A few players bounce back as the pads stay on for another day

11 observations from Texans training camp, July 28

@edclarke03/Eddie Clarke

If you missed the Saturday July 27 observations you can find them here

Good day for Tytus

Texans OL Tytus Howard at Training Camp 2019

@edclarke03/Eddie Clarke

Tytus Howard had a very nice day. He worked a lot with some of the veterans getting an off day. The most impressive rep was him stoning D.J. Reader and stopping the veteran defensive lineman cold in his tracks. He had some nice reps against other rushers too. He even earned a measure of revenge on Joel Heath after Heath won some reps in the first padded practice. He moved around really well too getting out and leading the charge on a few blocks.

Miller's the leader

Lamar Miller at Texans Training Camp 2019

@Cody_Stoots/Cody Stoots

Lamar Miller is the best running back in camp for the Texans and it isn't even close. That shouldn't surprise you. What may surprise you is this might be the best version of Lamar Miller the Texans have ever seen. Going into his third year in Houston last year Miller slimmed up a little. This year I would say he is trimmed up. Not smaller, but lighter was the way he spoke about his body. His level of scoot, if you will, is the best I have seen it.

Concerns about Foreman

​Running back D'Onta Foreman has done a great job getting his body ready for camp. He hasn't done a great job being a running back yet. He did not have a good drill when the backs were practicing pass blocking against defensive backs. He struggled and didn't even see any premier pass rushers while doing so. A few of his movements were sluggish. With a break coming up soon how he finishes the week will be something to monitor.

More Moore

A.J. Moore was singled out by head coach Bill O'Brien on Sunday as a player who is a special teams contributor and thouroughly relishes the opportunities. Well, Moore is getting it done on defense too. He has had a strong camp. Today while watching a blocking drill Moore came running by in our sight line with the ball. I was confused at first until I realized he had run a pick-six back from his drill down the field.

Pushing for a spot

Former Oklahoma State wideout Tyron Johnson had a really solid first day and then a couple of decent days. He was back to a good day today showcasing his various talents. He has a chance to force the Texans into keeping six wide receivers on this roster. He has strong hounds, is physical, and seems to pick things up with ease. It is worth noting, before ending up at Oklahoma State he was a five-star recruit who picked LSU.

Under the radar push up front

Carlos Watkins and Angelo Blackson had a few nice plays on Sunday. They are a part of a room that has some severe competition if you'd like to stick around the Texans. Albert Huggins who was at Clemson last year had a nice play that caught my eye as well. There is a lot of talent in the defensive line room. This could be one of the most competitive units on the team.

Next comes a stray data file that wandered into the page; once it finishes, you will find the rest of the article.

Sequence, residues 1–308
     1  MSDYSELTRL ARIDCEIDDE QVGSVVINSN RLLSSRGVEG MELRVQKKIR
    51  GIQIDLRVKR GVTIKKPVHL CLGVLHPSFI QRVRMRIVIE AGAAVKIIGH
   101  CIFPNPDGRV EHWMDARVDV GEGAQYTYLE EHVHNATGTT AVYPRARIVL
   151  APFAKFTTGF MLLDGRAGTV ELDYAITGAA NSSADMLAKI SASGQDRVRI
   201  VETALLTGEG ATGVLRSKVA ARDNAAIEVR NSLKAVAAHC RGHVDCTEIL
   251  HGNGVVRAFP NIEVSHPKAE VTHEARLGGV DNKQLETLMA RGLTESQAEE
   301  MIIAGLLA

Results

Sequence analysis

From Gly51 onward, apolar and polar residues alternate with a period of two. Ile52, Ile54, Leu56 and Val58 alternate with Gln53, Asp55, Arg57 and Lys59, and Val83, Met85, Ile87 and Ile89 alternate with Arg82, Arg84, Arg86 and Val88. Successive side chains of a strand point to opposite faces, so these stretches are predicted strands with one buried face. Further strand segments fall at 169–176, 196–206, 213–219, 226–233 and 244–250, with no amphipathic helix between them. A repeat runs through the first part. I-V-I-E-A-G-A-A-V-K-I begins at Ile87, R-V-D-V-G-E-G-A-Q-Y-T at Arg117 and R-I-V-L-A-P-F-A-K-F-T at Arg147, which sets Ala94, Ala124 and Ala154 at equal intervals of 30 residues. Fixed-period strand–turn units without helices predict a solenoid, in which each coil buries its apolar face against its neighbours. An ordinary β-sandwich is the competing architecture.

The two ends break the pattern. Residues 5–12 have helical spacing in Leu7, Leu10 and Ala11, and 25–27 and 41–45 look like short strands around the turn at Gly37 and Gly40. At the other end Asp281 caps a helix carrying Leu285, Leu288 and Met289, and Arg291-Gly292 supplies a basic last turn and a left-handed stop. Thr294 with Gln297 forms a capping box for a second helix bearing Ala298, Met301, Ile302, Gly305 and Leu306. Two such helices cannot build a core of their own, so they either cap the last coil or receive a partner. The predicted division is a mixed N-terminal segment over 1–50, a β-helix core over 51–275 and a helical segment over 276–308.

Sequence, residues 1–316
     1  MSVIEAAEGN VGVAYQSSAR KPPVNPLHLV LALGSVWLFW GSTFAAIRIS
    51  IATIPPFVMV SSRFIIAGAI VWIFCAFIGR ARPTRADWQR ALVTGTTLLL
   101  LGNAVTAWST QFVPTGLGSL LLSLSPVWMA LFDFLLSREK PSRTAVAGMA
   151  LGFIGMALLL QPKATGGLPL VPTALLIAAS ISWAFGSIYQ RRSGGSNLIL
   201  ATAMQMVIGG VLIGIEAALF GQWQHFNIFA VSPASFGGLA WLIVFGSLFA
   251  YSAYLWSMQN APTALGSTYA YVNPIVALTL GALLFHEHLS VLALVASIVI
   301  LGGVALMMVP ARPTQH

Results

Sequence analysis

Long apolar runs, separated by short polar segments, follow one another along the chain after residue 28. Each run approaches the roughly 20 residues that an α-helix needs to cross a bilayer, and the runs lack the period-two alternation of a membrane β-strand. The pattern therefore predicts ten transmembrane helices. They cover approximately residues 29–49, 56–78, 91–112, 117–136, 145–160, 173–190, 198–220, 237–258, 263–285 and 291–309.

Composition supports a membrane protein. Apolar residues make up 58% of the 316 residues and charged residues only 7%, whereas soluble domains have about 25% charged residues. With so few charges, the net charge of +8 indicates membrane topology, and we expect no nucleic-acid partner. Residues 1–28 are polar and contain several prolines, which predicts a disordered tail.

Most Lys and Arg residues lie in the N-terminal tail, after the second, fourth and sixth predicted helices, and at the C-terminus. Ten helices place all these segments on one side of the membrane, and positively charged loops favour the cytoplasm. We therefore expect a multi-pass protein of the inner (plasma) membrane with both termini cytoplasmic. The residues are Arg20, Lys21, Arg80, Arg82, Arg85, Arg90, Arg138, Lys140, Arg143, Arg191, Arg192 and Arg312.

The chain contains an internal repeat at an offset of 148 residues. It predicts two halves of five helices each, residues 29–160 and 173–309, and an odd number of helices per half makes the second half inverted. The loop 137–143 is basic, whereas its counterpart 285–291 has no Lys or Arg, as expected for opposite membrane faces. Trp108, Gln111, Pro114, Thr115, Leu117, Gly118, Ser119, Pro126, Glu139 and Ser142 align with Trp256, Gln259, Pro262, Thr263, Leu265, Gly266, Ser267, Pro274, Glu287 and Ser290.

Not as Scharping

Offensive lineman Max Scharping had a day that left something to be desired. He struggled with extending his arms and really getting into defenders. One play it took him a second to establish his grip but once he got set and could plant he slowed the rusher down. Unfortunately for him he was deep into the pocket by then.

Watt a monster, just like we like it

J.J. Watt worked today but nothing looked like work for him. He took a few strolls to the QB or the dummy posing as the QB today. Veterans and rookies alike had no shot against Watt. This isn't shocking but just your reminder we are witnessing one of the all-time greats.

Gilly bounces back

Fullback Cullen Gillaspia had a much better day today in pads. He held his own in the individual blocking drills looking very strong. I was worried after Saturday where he looked a little over matched but he handled his challenges today in the drills well. When he gets to working against linemen and linebackers he will need every ounce of his being to make sure he nails the assignments on them. He did whiff on one block in a team play that should have been and easy one for him to finish but it was a much better day today for him. He is smooth running routes.

Play of the day

Jordan Akins and Deshaun Watson hooked up for two magnificent plays back-to-back. The first saw Akins sky into the air and rip down a Watson bullet with one hand to move the chains for a huge gain. The very next play Watson put it right on Akins and away from the defender for a score. It was an amazing throw both times, showcasing Watson's pinpoint accuracy.

Quote of the day

Karan Higdon at Texans Training Camp 2019

@edclarke03/Eddie Clarke

"It's wide open."

Texans Head Coach Bill O'Brien talking about the team's running back spots after Lamar Miller. There are a lot of names, and maybe even some not on the roster, to fill our the two spots behind Miller.